PlayStation Experience, the yearly convention held by Sony to celebrate the PlayStation brand and showcase new games, isn’t being held in 2010, in accordance with Sony Interactive Entertainment chairman Shawn Layden. Layden confirmed the news on the PSBlogcast today, suggesting that there just isn’t enough showing this year.
“Now that we have Spider-Man out the doorway, we’re looking down in 2019 to games like Dreams and Days Gone, but we wouldn’t have enough to bring people together in a few locations in North America to have that event,” Layden said. “We don’t want to set expectations really high and then not deliver on it.”
The convention has been held in North America since 2014, with both large and small announcements from Sony in the years GoldenSlot ศูนย์รวม สล็อตออนไลน์ และ คาสิโนออนไลน์ สล็อตออนไลน์ชั้นนำของประเทศไทย. A year ago took a left turn to a smaller, more intimate chat rather than a larger stage show, focusing less on announcements and more on conversing with developers, which turned out to disappoint a number of fans. With the convention occurring so near The Game Awards, trailers were even repurposed, and shown again without new content.
Regardless, fans had noticed that Sony didn’t announce PlayStation Experience details of their usual schedule, and so the cancellation is not shocking to many. It’s unknown if the convention will return in later years, but Layden didn’t close that door completely.
After attending last year’s event, this really is probably a great move. It felt very low-key inspite of the massive show floor and individuals were lining up to play games which were already out. Trying to force it when there’s insufficient to show will, you should be a useless endeavor. Hopefully they really see it next season, or whenever they decide to put up the show again.
Honda Will Return To Formula 1 as An Aston Martin Engine Supplier 2026.
Honda will return to Formula 1 in a formal role from 2026 as an engine supplier to Aston Martin. Aston Martin team. The company officially quit F1 in the year 2021; however, its engines are utilized by both Red Bull teams and are known as Hondas by 2023.
Honda announced on Wednesday that the F1’s goal of reaching carbon neutrality in 2030 had been a “key factor” behind its decision to return to F1 officially.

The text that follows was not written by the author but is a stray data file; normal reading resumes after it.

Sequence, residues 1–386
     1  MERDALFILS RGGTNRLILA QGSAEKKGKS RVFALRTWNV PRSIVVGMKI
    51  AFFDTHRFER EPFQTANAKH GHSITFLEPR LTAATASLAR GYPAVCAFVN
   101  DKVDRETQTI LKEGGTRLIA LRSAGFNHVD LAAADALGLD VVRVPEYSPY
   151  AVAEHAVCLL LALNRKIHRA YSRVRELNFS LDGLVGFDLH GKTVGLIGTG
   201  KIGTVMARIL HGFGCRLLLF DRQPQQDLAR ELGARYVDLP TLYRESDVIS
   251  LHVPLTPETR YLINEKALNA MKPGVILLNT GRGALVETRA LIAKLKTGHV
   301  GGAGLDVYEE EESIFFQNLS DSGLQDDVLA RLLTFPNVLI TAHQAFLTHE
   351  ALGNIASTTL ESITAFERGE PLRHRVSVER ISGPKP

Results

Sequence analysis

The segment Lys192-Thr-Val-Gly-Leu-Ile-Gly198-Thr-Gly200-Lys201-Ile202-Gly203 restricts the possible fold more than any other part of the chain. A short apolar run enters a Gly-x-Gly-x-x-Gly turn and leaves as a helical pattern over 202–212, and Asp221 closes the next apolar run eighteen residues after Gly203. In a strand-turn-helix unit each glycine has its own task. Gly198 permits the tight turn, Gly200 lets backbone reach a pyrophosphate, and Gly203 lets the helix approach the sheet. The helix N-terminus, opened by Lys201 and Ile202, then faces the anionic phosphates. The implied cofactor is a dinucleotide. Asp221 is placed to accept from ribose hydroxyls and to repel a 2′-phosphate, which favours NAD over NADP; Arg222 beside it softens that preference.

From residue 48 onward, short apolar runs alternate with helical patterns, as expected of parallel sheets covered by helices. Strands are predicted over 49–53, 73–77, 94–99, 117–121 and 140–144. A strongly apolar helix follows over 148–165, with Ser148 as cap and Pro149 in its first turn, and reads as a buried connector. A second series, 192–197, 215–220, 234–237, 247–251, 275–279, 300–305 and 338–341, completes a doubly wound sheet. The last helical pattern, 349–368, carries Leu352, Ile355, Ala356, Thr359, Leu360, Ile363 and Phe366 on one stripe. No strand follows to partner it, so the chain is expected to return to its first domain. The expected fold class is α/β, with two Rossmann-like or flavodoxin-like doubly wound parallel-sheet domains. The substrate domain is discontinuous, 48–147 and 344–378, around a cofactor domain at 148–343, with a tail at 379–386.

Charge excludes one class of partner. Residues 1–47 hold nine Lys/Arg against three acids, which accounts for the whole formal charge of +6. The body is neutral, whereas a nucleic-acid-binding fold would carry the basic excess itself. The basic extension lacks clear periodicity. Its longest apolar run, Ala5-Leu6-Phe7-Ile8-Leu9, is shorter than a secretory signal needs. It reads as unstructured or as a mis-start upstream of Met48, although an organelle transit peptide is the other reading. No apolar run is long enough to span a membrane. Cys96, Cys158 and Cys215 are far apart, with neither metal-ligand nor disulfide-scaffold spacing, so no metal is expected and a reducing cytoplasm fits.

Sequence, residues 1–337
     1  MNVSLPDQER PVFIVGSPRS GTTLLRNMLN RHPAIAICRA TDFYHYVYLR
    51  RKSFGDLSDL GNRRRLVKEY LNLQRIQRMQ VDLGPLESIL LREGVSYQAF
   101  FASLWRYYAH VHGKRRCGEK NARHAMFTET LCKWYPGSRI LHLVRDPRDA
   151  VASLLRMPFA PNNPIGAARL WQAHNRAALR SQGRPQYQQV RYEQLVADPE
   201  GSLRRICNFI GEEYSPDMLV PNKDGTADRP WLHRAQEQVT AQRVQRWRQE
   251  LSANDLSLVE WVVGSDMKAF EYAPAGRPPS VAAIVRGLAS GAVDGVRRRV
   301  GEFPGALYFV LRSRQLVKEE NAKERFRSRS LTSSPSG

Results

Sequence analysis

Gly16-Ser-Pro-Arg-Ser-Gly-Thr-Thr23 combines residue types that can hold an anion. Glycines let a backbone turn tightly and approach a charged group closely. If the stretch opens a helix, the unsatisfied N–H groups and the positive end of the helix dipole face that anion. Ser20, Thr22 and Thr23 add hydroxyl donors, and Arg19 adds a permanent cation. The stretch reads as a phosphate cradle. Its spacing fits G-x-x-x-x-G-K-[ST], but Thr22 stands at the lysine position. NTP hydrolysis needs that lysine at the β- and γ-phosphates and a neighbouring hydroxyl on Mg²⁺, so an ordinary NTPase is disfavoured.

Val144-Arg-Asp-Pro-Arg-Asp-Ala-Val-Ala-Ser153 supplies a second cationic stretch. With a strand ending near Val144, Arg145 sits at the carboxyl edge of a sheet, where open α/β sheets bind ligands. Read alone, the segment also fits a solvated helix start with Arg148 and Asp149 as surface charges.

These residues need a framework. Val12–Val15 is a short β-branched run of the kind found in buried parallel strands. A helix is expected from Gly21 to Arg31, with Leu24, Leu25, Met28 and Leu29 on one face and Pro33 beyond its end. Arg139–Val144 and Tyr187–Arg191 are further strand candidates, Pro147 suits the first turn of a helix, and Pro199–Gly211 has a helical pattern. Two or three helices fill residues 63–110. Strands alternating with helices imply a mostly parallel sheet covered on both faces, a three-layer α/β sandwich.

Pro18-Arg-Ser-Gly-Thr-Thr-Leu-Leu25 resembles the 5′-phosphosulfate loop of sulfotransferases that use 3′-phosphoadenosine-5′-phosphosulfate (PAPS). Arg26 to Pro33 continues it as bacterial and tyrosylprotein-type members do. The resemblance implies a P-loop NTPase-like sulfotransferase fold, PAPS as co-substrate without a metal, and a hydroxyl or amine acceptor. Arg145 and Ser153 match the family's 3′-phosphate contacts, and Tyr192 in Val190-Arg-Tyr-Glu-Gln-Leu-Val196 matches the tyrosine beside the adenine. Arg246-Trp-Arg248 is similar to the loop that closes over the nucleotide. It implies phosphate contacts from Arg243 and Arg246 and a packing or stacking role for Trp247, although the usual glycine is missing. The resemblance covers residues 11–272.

The new rules in 2026 are expected to enhance the electrical efficiency of F1 engines.
The body governing the sport, the FIA, requires the mark to use biodegradable synthetic fuels simultaneously.
Honda Racing Corporation president Koji Watanabe has stated: “In pursuit of its aim of achieving carbon neutrality before 2030, beginning in 2026, the FIA will require to use 100percent carbon neutral fuel, and electric power will increase dramatically by 3x the amount of the regulations currently in place.
“With this massive increase in power generated by electricity, it is clear that the most critical factor in winning in F1 is a small, powerful, light and efficient motor that has a battery with high performance that can be swiftly managing the power of a high output and energy management technology.
“We believe this know-how gained from this new challenge has the potential to be applied directly to a future mass-production electric vehicle.”
What’s the reason behind Honda’s shift in strategy?
F1 has used hybrid engines since 2014. However, the new regulations will result in significant changes to their layout.
Most significant is the elimination of the MGU-H element of the hybrid system, which recuperates energy from the turbo. It also increases a substantial percentage of hybrid power that is included in the engine’s power output.
Watanabe told reporters: “Currently, the electrical energy is 20% or less compared to the internal combustion engine.
“But the new regulations require about 50% or more electrification, which moves even further toward electrification, and the technology for electrification will be helpful for us in producing vehicles in the future.
Carbon-neutral fuels, as well as their integration in the engine, the engineer said, “match with Honda’s direction.”
Watanabe stated that expanding the F1 cost cap to engine covers was also an element in his decision, as it would have made “long-term and continuous participation in F1 easier”.